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Starting an Agency Archive Manufacturers Representative

Establishing a Rep Firm — Start-up Costs (Part 1)

Establishing a Rep Firm — Start-up Costs (Part 1)

by Robert Blanding, N.E. “Mac” MacGregor and Brad Starr, CPMR

So you want to unleash the entrepreneur lurking inside you and start a representative business? Have you thought it through thoroughly? Do you have a plan? Have you considered all the costs and therefore the risks? Before any good builder begins a project, he first lays out a plan and counts the costs lest he run out of money and/or materials and look like a fool. So too does a wise entrepreneur lay out a plan and count the costs before launching a new venture.

What are the cost factors and actual cost items involved in establishing a representative firm? The answers to that question are very complex, but this series attempts to outline those costs and remove some of the guesswork surrounding the cost factors related to a firm’s start-up.

Any financial plan must be designed with the costs appropriate for the city, state and/or region where your company is located and the availability of facilities, services and personnel. There are many variables and intangibles. We have attempted to list those factors that should be considered as you plan and implement your new venture.

Cost Factor: Levels of Experience

The costs associated with one’s experience or lack thereof seem obvious, but they defy quantification. The costs of learning on the job vary as much as individual intelligence levels and desire to succeed. Of course, tangible costs can be determined for classes taken, seminars/conferences attended and many forms of continuing education (e.g., to learn new management techniques, improve sales skills, make contact and network with fellow reps, receive training on new software, etc.), but don’t overlook the cost of the time involved.

A representative firm owner needs management (administrative and organizational) know-how as well as sales skills. Possible start-up costs can be estimated via a series of questions about each category of knowledge and experience. First, ask yourself these questions about your administrative and organizational skills.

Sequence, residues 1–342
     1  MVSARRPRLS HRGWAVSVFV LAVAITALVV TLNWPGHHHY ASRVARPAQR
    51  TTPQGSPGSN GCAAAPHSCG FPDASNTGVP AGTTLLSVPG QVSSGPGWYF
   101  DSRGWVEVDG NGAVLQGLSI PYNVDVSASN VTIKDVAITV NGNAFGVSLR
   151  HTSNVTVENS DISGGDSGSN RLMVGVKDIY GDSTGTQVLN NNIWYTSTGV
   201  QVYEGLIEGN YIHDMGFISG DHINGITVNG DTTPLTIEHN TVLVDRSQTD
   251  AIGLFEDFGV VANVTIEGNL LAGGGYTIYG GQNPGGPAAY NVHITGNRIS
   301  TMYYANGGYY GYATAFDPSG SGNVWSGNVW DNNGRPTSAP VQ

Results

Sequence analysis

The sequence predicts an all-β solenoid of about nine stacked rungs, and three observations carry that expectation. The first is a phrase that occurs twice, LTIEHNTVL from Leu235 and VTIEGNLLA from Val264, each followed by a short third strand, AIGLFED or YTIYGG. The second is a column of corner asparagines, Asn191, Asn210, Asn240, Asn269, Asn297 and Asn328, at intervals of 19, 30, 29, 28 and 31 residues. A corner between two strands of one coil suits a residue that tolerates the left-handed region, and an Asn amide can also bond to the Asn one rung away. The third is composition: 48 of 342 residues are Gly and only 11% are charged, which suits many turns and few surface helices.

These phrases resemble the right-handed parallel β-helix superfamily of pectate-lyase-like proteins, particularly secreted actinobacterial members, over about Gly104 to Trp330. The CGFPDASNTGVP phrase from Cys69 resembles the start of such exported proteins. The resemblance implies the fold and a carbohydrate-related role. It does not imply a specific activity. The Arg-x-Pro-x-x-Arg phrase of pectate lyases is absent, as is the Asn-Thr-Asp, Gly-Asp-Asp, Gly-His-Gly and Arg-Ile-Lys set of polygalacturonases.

1. Do you know how to organize your time when you have 30 balls in the air at once (unlike engineering or other fields where you can concentrate on just one or two projects)?
  2. How good are your time management skills? There may be a cost factor associated with purchasing learning materials or attending a seminar on this vital topic. More money is wasted due to poor time management than any other cost factor.
  3. Are you proficient in the use of computer software to produce spreadsheets, basic communication (letters, quotes, etc.) and electronic communication? Do you know how to use sales automation (including opportunity tracking) software and a presentation program? If not, you will need to hire that expertise or spend time and dollars to acquire the needed skills.
  4. Do you understand the administrative and accounting aspects of the business? Will you need to attend classes on management and finance? Will you need to hire an office manager with these skills?
  5. Do you know how to use the Internet to find, choose and book low-cost travel arrangements?
  6. Do you know how to assemble and present a genuinely professional proposal?
  7. If you will not have a secretary or assistant immediately, or ever, can you perform basic office tasks? Can you organize your office to operate effectively and efficiently?
  8. How experienced are you at negotiating contracts, both with customers and principals? This activity will have a tremendous financial impact, both initially and throughout your “life” as a representative.
  9. Have you ever had experience managing people? You may incur the costs associated with attending training classes. Keep in mind that many representatives fall short in this area, but in most cases it is because they give greater priority to other aspects (pressures) of the business.